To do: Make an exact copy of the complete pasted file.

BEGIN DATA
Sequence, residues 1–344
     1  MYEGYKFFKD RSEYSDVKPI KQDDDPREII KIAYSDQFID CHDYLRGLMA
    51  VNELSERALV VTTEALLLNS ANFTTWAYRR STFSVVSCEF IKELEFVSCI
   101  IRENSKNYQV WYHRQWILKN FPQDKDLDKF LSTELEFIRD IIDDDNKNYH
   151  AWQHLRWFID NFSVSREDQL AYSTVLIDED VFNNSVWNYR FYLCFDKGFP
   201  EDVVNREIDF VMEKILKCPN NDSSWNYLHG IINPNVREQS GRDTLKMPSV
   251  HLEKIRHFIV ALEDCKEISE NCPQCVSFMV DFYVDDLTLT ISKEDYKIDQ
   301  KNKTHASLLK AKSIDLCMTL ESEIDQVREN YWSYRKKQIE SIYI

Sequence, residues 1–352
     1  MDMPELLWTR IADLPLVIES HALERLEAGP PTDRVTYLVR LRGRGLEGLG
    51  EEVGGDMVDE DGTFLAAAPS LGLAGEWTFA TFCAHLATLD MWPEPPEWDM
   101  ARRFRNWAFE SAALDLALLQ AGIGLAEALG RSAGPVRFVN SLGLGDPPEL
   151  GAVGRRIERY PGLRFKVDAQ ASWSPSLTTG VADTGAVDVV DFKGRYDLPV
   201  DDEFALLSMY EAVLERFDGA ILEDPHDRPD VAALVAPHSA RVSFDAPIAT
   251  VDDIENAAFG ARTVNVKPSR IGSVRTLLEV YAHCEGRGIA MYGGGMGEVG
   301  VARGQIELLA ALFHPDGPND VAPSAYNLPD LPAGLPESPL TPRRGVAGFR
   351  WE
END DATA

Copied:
Sequence, residues 1–344
     1  MYEGYKFFKD RSEYSDVKPI KQDDDPREII KIAYSDQFID CHDYLRGLMA
    51  VNELSERALV VTTEALLLNS ANFTTWAYRR STFSVVSCEF IKELEFVSCI
   101  IRENSKNYQV WYHRQWILKN FPQDKDLDKF LSTELEFIRD IIDDDNKNYH
   151  AWQHLRWFID NFSVSREDQL AYSTVLIDED VFNNSVWNYR FYLCFDKGFP
   201  EDVVNREIDF VMEKILKCPN NDSSWNYLHG IINPNVREQS GRDTLKMPSV
   251  HLEKIRHFIV ALEDCKEISE NCPQCVSFMV DFYVDDLTLT ISKEDYKIDQ
   301  KNKTHASLLK AKSIDLCMTL ESEIDQVREN YWSYRKKQIE SIYI

Sequence, residues 1–352
     1  MDMPELLWTR IADLPLVIES HALERLEAGP PTDRVTYLVR LRGRGLEGLG
    51  EEVGGDMVDE DGTFLAAAPS LGLAGEWTFA TFCAHLATLD MWPEPPEWDM
   101  ARRFRNWAFE SAALDLALLQ AGIGLAEALG RSAGPVRFVN SLGLGDPPEL
   151  GAVGRRIERY PGLRFKVDAQ ASWSPSLTTG VADTGAVDVV DFKGRYDLPV
   201  DDEFALLSMY EAVLERFDGA ILEDPHDRPD VAALVAPHSA RVSFDAPIAT
   251  VDDIENAAFG ARTVNVKPSR IGSVRTLLEV YAHCEGRGIA MYGGGMGEVG
   301  VARGQIELLA ALFHPDGPND VAPSAYNLPD LPAGLPESPL TPRRGVAGFR
   351  WE